The impact of Piracy is great, and cannot be denied; the economic cost is incredibly high, but the damage done to human life is incalculable. It is very difficult to ascertain the specific costs of Piracy, but fortunately there are a number of methods available to help combat and deter Piracy. This comes as Piracy continues to thrive, and attacks and kidnappings see a marked rise. It is understandable therefore why crews and vessels continue to invest heavily in anti-Piracy measures. There are many options available that range from the cheap to the expensive, and all will have varying degrees of success depending on the situation. Below are some examples of anti-Piracy methods available.
Evading Pirates may seem simplistic or ineffective, and yet if a ship can avoid Pirates altogether, they will not be at risk of attack whatsoever. It is certainly a simple and non-combative option, yet it does have its disadvantages. For example, the added cost in time and fuel can make it counter-productive for many, and therefore not a viable solution. More importantly however, studies have shown that Piracy increases in areas with the most shipping. Evasion en masse therefore may only delay Piracy and cause it to shift to other areas. However, for some ships perhaps making one-off journeys, it is an effective option.
Water hoses are the most commonly used anti-piracy weapons, and are certainly one of the simplest and cheapest methods available. Nevertheless, it is often seen as being less effective than other methods. However, by targeting attackers with water hoses crews can make boarding impossible by creating slippery surfaces or literally pushing Pirates from their boats.
Foam is very similar to water hoses in its aim. By coating the surface of a ship in slippery foam, there is no way for Pirates to gain purchase and board. However, there are some concerns over the environmental impact of using foam.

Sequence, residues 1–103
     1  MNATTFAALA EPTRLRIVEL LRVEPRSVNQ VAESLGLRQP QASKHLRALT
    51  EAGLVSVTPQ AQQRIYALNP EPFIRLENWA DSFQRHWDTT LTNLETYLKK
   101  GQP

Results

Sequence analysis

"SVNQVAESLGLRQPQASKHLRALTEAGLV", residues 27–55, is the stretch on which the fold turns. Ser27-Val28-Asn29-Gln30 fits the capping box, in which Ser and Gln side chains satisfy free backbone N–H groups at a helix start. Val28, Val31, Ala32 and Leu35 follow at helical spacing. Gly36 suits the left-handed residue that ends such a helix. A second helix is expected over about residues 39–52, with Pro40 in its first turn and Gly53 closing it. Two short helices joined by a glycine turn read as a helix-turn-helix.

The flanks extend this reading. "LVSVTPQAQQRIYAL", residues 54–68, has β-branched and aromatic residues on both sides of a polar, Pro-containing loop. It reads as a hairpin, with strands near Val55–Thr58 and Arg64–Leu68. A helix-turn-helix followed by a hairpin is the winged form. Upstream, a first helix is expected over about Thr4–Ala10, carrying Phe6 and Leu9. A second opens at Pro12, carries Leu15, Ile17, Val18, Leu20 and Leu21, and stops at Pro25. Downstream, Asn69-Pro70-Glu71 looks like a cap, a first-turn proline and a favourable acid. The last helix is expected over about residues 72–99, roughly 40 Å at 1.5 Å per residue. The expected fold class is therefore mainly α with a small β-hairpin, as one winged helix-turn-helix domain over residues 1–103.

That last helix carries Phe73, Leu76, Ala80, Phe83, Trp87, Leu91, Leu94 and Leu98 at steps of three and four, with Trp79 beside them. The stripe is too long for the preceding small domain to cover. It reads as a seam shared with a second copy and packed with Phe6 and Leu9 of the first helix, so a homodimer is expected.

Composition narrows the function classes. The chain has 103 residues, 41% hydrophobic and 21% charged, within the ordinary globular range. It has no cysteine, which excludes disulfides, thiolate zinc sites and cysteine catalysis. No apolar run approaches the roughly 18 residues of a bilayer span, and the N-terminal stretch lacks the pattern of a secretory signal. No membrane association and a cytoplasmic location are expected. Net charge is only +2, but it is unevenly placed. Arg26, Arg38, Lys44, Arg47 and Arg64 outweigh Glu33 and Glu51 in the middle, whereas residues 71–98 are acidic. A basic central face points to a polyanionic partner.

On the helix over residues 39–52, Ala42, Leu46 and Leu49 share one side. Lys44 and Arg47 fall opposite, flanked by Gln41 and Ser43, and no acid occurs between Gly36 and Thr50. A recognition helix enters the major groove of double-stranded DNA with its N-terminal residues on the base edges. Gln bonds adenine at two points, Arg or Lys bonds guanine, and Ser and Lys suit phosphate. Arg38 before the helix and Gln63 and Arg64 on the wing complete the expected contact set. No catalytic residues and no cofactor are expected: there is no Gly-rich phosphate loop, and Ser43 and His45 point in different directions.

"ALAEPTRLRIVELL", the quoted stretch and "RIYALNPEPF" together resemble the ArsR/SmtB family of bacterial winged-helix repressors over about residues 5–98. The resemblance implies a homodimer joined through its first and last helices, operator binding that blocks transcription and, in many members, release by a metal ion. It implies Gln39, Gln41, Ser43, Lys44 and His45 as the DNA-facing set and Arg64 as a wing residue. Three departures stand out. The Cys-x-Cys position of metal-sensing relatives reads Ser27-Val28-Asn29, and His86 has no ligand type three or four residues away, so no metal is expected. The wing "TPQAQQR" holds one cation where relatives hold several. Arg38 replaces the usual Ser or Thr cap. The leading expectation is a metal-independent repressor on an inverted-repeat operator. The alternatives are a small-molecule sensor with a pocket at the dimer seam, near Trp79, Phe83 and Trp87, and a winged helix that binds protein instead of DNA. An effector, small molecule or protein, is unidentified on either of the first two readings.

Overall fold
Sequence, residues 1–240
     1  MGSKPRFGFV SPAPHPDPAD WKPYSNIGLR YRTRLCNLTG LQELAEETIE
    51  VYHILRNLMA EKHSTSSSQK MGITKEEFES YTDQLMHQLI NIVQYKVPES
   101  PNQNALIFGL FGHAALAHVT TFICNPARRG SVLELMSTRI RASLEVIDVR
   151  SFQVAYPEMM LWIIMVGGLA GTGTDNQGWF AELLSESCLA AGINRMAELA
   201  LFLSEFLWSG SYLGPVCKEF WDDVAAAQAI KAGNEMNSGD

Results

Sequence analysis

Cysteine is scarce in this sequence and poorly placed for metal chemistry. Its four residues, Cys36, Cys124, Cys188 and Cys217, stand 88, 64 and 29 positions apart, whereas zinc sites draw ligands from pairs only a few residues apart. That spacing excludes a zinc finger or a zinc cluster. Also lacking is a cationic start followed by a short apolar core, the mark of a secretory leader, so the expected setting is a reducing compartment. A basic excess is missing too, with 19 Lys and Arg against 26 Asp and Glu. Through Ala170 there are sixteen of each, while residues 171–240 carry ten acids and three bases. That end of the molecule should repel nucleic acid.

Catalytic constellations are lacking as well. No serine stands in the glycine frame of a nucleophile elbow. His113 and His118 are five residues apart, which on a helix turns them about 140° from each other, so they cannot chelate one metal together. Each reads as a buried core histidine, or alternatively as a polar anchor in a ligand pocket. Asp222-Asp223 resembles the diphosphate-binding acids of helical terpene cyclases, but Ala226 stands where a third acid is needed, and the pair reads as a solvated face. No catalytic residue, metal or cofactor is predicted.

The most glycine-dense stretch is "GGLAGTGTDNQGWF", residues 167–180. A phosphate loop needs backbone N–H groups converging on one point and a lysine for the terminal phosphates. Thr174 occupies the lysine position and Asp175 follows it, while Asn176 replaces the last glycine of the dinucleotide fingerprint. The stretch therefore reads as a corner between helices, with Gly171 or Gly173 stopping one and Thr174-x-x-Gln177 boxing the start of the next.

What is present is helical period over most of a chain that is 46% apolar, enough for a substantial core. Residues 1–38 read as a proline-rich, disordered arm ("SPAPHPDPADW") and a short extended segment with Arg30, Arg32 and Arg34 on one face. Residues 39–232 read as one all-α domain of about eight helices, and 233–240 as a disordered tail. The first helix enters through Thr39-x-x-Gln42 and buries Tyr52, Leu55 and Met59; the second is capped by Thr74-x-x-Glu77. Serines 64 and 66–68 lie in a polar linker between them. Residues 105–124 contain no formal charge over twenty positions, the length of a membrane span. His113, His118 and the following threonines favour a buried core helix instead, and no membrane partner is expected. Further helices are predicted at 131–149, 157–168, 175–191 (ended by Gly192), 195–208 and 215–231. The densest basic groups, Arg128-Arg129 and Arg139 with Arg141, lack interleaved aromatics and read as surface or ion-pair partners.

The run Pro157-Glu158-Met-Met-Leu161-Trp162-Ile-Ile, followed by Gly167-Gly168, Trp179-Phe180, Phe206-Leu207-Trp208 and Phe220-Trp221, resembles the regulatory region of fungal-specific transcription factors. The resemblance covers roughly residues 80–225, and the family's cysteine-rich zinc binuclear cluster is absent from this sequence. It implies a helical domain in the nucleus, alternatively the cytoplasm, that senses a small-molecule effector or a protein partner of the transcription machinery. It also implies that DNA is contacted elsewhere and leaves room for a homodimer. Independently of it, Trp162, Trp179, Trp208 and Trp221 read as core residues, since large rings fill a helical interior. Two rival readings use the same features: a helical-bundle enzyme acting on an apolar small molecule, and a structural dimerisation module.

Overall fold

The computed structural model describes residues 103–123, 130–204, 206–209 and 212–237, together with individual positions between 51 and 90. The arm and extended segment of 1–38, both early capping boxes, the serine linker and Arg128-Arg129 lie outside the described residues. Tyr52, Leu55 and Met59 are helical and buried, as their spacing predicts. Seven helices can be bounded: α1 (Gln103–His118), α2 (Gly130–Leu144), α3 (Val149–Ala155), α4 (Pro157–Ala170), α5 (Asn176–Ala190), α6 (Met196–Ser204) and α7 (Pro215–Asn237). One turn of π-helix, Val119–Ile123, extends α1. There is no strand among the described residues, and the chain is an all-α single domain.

Many ships are hesitant to employ barbed wire, seeing it as a particularly aggressive solution. Even though it is not ‘actively’ combative, like the methods outlined below, it still certainly creates a hostile image, one which many- particularly civilian ships- will find unpalatable. Nevertheless, covering ships in barbed wire is undeniably effective in preventing Pirates from boarding. Barbed wire may also be intimidating to Pirates, as it displays a readiness to attackers that may deter them.
Unlike the above methods, which are usually seen as non-aggressive and non-combative, deploying Armed Guards on a ship is certainly an aggressive method of preventing piracy. Nevertheless, displaying to Pirates a readiness for attack is one of the key considerations in hiring Private Security to protect ships. After all, there is little that signals a preparedness for attack than the presence of Maritime Security Operatives. Indeed, statistics have shown that vessels employing private protection have a far lower rate of boarding than other ships. This goes to show, therefore, that Maritime Security is not necessarily combative, and can serve as more of a deterrent. However, these services can be costly, particularly when considering the equipment they need, which stretches from weapons to bullet proof vests. Similarly, they may be an unwelcome sight on civilian crafts.
Finally, there are the seemingly fantastical weapons that have nonetheless proven to be very useful in Maritime environments. By harnessing sounds far above the human threshold these ‘Long-Range Acoustic Devices (LRAD)’ can incapacitate attackers with focused sounds. These weapons are remarkably accessible and have proven effective in stopping Pirates. Other more common methods include rubber bullets and even non-lethal explosives.
The above methods are just some of many that can be employed in combating Piracy. Each has its own advantages and disadvantages, and may not be suitable for all crafts or situations. However, there are myriad available to help keep crews safe, and using methods in tandem with diligence and awareness can help reduce the cost of a Pirate attack, and keep vessels and their crews safe.